• I work for a used car website selling vehicles in New England (Mojo Motors) and the resale value on the Trailblazers and Envoys are crazy good. An 06 Envoy with almost 80,000 miles can still rake in over $13,000. An 05 Trailblazer with 85,000 miles can get nearly $10,000.

  • micturatedupon

    As a recent buyer of a Saab 9-2x Aero(I've driven several WRX's of each generation as well), I can vouch that the 9-2x is the best WRX of that generation – provided you do not want the fastest option. Go find an STI;)

    The 2006 Aero is the preferred choice, with the 2.5l vs. the 2.0l, but those are rarer then hen's teeth(less than 500 made), and command at least a 30% price premium, as people seem to know what they have on their hands. Needless to say, I bought a 2005;)

    The engine is exactly the same – yes, you lose a few tenth's of a second when it comes to 0-60 times, but unless you are drag racing, that doesn't matter much(and if you want to drag race, your choosing the wrong car to start with anyways). As a bonus, you get the quicker steering rack from the STI. Makes the car a blast to drive on San Francsico streets.

    The suspension is tuned a *touch* more for comfort, but I do not feel that it loses any handling points at all – it just makes it more livable on daily basis. An old friend's WRX made you feel beat up after a long mountain drive.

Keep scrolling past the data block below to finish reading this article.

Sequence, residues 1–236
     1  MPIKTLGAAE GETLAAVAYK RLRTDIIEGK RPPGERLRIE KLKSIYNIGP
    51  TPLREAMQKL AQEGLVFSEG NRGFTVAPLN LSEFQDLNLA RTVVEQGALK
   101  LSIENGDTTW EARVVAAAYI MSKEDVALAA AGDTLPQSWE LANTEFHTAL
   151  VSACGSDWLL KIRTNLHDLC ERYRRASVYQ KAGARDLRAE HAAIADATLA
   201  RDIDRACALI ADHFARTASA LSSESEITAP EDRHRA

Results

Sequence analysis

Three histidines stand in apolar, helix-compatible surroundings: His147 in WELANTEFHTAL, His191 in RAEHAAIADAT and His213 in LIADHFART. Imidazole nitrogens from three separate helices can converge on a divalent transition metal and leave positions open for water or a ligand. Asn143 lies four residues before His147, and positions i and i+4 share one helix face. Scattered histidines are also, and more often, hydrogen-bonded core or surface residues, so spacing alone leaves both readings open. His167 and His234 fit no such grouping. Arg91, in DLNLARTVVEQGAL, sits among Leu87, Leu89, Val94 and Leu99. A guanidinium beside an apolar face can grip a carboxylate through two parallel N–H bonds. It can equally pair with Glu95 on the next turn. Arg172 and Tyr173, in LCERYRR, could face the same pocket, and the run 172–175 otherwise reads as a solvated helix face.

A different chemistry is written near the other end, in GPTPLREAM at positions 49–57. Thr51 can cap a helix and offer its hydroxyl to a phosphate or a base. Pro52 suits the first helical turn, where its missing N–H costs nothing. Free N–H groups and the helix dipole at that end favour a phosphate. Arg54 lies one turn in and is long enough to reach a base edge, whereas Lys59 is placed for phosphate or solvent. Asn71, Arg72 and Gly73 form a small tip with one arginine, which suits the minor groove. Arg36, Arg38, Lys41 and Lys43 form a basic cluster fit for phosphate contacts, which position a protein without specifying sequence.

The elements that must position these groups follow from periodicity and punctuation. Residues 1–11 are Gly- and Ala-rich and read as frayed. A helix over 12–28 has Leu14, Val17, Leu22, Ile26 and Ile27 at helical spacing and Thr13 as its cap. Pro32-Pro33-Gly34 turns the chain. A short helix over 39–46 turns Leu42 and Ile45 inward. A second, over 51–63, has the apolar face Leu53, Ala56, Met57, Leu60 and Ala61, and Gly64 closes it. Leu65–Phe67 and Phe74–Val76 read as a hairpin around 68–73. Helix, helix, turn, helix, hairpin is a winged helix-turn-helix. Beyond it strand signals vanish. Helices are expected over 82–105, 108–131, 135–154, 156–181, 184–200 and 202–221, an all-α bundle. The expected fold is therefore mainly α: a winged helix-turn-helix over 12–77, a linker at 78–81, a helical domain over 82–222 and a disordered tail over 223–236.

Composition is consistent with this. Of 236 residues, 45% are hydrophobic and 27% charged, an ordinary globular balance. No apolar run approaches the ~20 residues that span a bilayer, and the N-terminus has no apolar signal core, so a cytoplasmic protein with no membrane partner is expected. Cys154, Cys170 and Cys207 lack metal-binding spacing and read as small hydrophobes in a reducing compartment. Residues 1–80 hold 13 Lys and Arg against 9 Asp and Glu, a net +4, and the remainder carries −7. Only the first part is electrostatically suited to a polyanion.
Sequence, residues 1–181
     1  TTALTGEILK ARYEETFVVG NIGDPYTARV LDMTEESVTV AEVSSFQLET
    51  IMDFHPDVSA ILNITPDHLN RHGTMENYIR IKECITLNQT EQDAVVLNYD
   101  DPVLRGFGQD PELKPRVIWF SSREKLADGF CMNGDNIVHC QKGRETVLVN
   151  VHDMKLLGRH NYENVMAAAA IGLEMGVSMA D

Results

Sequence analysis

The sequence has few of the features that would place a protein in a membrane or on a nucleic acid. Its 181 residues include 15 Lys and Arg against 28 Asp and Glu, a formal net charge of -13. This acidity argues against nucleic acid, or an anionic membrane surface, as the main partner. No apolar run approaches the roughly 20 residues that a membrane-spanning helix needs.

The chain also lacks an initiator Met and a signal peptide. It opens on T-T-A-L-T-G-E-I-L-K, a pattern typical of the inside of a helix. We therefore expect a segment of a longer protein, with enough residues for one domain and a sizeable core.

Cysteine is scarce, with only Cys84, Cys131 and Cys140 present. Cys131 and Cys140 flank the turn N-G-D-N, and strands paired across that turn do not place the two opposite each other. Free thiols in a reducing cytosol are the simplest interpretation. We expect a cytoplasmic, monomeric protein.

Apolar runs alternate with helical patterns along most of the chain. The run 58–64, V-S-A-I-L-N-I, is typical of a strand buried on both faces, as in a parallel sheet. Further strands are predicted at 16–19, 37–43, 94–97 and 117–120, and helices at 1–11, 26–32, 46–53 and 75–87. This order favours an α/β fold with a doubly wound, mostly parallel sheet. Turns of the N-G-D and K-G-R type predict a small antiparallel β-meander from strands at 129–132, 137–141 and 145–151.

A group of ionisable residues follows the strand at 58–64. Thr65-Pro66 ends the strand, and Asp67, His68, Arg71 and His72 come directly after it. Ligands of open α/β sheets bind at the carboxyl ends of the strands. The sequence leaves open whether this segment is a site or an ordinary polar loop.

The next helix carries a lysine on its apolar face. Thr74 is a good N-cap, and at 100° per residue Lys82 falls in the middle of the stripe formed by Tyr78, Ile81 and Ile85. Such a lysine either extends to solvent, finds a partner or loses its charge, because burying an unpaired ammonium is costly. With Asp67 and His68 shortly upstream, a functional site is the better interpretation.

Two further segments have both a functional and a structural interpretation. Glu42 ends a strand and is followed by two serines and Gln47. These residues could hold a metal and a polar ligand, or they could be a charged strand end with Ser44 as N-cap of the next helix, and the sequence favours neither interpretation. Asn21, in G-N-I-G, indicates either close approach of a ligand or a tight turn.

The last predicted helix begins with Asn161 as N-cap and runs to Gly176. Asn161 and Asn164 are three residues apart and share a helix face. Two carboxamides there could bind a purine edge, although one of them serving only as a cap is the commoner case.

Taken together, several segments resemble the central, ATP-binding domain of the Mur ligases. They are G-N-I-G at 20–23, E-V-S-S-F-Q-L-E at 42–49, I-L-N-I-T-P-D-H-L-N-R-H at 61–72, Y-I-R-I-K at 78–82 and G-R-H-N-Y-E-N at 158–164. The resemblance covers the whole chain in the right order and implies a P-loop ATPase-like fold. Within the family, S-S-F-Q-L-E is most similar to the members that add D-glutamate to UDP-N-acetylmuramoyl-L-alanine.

Sadly, yes, the signature Saab touches such as center ignition and Night Panel are not present. However, there are just enough unique items to differentiate it from a regular WRX: More sound deadening(helps quite a bit), aluminum suspension arms, unique Enkei wheels, unqiue two-tone seats(in shape as well as material – these as well as the door panels were designed in Sweden), unique door panels(more ergonomic, covered in white leather). It also includes Saab's whiplash protection system(whoop-de-do). Exterior-wise, the front fenders, grille, bumper, hood(including more discreet scoop), hatch, and head/tail-lights are all unique. The only sheetmetal shared is the doors, roof, and rear quarter panels. In fact, aside from those in-the-know, no one has ever guessed my Saab for a Subaru.

    All in all, it's a great commuter car, it's discreet enough that Civic's don't want to race me, I get a decent amount of cred from my co-workers, including my Range Rover-driving boss(who frowned on my previous Subaru), and best of all, the ladies think it is a nice entry-level luxury car. Top top it off, you get Subaru-level reliability, and Subaru-level parts pricing. All-in-all, possibly the best car 10k could buy me:)